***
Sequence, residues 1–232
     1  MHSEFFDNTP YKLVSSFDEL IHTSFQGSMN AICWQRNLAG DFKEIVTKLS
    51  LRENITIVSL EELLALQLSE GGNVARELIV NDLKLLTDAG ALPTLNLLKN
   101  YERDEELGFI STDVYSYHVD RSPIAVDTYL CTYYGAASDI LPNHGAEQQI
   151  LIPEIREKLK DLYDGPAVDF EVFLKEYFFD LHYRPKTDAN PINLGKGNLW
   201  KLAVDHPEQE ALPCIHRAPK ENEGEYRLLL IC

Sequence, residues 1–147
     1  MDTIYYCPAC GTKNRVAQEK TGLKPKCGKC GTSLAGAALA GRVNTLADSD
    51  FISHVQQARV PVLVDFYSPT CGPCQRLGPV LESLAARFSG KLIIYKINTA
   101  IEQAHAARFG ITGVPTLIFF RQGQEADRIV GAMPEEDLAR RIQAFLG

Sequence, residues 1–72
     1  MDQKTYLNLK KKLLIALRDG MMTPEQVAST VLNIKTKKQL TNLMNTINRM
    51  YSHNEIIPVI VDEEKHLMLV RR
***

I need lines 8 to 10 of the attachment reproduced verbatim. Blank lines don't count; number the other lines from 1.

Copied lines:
     1  MDTIYYCPAC GTKNRVAQEK TGLKPKCGKC GTSLAGAALA GRVNTLADSD
    51  FISHVQQARV PVLVDFYSPT CGPCQRLGPV LESLAARFSG KLIIYKINTA
   101  IEQAHAARFG ITGVPTLIFF RQGQEADRIV GAMPEEDLAR RIQAFLG